Hours currently are Tuesday-Saturday 10 am-8 pm and Sunday brunch from 10 am-3 pm. It's closed Mondays.

Here's a quick look around...

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Veg Out: Van's Vietnamese

van's vietnamese restaurant exterior 2016-April

By Cristin Steding

Veg Out is short series about vegan dining options around the Capital Region.

Has there ever been a restaurant you've wanted to try for ages but never get around to? Someplace you know you'd love, but put off trying because you know you'll be there all the time once you finally go?

For me, that place is Van's Vietnamese Restaurant in Albany.

When I asked for suggestions of where to go for vegan food in the Capital Region, Van's was consistently one of the top answers given. I love all spicy foods, especially when they involve noodles, so I was pretty excited to give Van's a try. But for some reason, it took me months from hearing about Van's to actually try it. Perhaps it's because, as many fellow Trojans can attest, with so many great restaurants within walking distance of downtown Troy, it can be easy to never venture out to Albany for food. Or maybe I'm just lazy.

Whatever the reason, I finally made the pilgrimage, and man, was it worth it.

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Veg Out: Beirut Restaurant

Beirut restaurant Troy exterior 2016-March

By Cristin Steding

Veg Out is short series about vegan dining options around the Capital Region.

No tour of vegetarian and vegan food would be complete without a foray into ethnic food options. Trying to veganize traditional American food tends to be an exercise in frustration. Dairy-heavy, meat-centered dishes like hot dogs, mac and cheese, and pizza are difficult to replicate with satisfaction. But when you widen your view, the vegan options multiply.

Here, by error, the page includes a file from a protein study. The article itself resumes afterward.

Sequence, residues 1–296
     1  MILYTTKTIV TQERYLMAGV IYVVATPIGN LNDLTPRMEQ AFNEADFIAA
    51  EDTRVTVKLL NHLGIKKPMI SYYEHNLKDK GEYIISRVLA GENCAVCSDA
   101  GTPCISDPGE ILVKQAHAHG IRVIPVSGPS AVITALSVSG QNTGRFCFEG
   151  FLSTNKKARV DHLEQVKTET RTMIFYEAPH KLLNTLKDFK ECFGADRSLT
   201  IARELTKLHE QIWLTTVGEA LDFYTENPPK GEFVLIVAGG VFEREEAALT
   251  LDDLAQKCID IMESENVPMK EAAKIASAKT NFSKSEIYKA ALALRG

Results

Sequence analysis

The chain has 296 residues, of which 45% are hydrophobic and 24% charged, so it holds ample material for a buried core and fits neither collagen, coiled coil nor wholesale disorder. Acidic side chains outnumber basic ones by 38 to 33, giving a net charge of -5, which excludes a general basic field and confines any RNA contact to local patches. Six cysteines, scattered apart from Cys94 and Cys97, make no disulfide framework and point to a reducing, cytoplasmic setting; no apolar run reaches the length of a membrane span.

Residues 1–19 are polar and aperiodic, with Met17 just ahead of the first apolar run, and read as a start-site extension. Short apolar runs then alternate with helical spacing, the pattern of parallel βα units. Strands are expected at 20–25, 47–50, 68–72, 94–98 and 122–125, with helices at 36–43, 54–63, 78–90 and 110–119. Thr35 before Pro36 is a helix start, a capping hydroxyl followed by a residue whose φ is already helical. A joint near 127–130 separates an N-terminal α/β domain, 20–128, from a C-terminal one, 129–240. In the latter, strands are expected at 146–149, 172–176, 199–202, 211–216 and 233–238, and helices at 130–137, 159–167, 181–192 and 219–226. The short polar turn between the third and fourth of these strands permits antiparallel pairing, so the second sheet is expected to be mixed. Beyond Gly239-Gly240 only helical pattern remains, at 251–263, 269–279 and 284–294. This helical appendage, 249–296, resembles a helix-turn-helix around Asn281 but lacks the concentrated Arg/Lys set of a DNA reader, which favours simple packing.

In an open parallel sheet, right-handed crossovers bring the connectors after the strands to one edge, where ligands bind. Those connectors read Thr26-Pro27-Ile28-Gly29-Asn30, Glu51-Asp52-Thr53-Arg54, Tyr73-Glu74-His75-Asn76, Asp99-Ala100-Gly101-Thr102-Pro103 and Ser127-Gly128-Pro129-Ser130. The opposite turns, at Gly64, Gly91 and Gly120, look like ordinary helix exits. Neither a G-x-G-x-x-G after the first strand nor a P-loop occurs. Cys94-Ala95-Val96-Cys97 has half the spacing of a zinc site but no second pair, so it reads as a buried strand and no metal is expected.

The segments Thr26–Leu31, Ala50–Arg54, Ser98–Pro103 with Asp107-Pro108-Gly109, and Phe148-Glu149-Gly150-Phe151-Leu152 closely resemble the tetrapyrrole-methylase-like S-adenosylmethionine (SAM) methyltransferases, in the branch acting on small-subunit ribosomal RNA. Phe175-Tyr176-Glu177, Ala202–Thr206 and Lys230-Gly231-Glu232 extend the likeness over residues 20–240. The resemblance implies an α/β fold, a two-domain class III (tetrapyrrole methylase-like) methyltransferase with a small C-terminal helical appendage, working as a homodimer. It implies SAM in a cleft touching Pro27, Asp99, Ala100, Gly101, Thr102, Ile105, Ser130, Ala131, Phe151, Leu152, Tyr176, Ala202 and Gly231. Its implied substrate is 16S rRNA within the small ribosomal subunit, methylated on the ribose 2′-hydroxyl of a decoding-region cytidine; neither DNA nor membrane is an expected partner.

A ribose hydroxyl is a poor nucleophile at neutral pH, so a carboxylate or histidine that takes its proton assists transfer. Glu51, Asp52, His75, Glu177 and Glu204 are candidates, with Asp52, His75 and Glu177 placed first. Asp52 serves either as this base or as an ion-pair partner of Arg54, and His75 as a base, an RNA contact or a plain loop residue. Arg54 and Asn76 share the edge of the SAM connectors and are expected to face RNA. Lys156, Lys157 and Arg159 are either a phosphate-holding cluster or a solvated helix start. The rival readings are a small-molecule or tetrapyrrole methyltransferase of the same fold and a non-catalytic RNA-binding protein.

One of my favorite places for a more global meal is the little treasure of a Lebanese restaurant in Troy, Beirut.

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Veg Out: The Bier Abbey

bier abbey schenectady exterior

By Cristin Steding

Veg Out is short series about vegan dining options around the Capital Region.

While visiting a friend in New York City recently I found myself at a bar that had no vegan options. Every single option involved meat or butter. The only thing I could order was french fries. Rookie mistake to not research beforehand. I had foolishly assumed that since most places in Albany have veggie options, surely a hip bar in Brooklyn, of all places, would have something.

Here in the Capital Region, being vegan is relatively easy. We have Whole Foods and Honest Weight for all our geeky animalĀ­-free cheeses and most restaurants have at least one veggie option. It's easy to get spoiled.

One great veggie option for a low-key dinner date or after work drinks is The Bier Abbey in Schenectady.

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Coming to Lark: Berben & Wolff's Vegan Deli